Spire's installation on WTC tower marks restoration of NYC skyline
The final piece of the One World Trade Center spire is attached to the building by ironworkers in New York May 10, 2013. The tower now rises to a symbolic 1,776 feet, making it the tallest building in the western hemisphere. Gary He/INSIDER IMAGES/Handout via Reuters (UNITED STATES - Tags: CITYSPACE BUSINESS TPX IMAGES OF THE DAY) ATTENTION EDITORS - THIS IMAGE WAS PROVIDED BY A THIRD PARTY. FOR EDITORIAL USE ONLY. NOT FOR SALE FOR MARKETING OR ADVERTISING CAMPAIGNS. THIS PICTURE IS DISTRIBUTED EXACTLY AS RECEIVED BY REUTERS, AS A SERVICE TO CLIENTS
Photo by REUTERS
NEW YORK — A tall, heavy spire was fully installed atop One World Trade Center on Friday, bringing the New York City structure to its symbolic height of 1,776 feet.
Loud applause and cries of joy erupted from construction workers assembled on a temporary work platform on the roof of the building as the silver spire was gently lowered and secured into place.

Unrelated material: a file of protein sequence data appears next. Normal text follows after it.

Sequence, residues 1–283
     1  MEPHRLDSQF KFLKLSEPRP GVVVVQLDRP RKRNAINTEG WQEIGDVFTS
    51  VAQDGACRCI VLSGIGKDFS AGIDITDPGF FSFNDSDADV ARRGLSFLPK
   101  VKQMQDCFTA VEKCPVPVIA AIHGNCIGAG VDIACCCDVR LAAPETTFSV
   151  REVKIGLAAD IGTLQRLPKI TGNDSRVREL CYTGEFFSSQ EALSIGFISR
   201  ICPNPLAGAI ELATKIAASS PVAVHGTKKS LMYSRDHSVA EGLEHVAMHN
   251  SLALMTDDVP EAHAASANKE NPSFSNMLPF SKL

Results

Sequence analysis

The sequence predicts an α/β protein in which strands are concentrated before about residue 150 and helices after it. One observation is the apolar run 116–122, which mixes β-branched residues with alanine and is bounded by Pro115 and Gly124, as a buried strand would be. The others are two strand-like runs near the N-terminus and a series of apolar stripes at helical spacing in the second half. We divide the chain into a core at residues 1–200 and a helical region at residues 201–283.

“It's a pretty awesome feeling,” Juan Estevez said from the platform.
“It's a culmination of a tremendous amount of team work ... rebuilding the New York City skyline once again,” said Estevez, a project manager for Tishman Construction.
He said the workers around him were “utterly overjoyed.”
Carol Johnston gazed up at the structure later Friday from a nearby building.
“It's sort of a renewal ... like ‘You can't keep us down,' ” said Johnston, a tourist from Fort Worth, Texas.
Pieces of the 408-foot, 758-ton spire were transported to the roof of the building last week. It will serve as a broadcast antenna.
The building is at the northwest corner of the site where the Twin Towers were destroyed in the 9/11 attacks. The 72-story 4 World Trade Center is under construction at the southeast corner.
The spire is “going to have a light that you can see from tens of miles away,” said Port Authority Vice Chairman Scott Rechler. “And that light will change colors and in the next few months we are going to be activating that light, and it will be a beacon of hope just like the Statue of Liberty.”
Lee Ielpi, whose firefighter son died trying to save employees trapped in the towers, watched workers secure the spire from his office in the nearby 9/11 Tribute Center, which he co-founded.
“The building looks spectacular. ... I'm looking forward to the day when the cranes come down and they light the spire at night,” he said.
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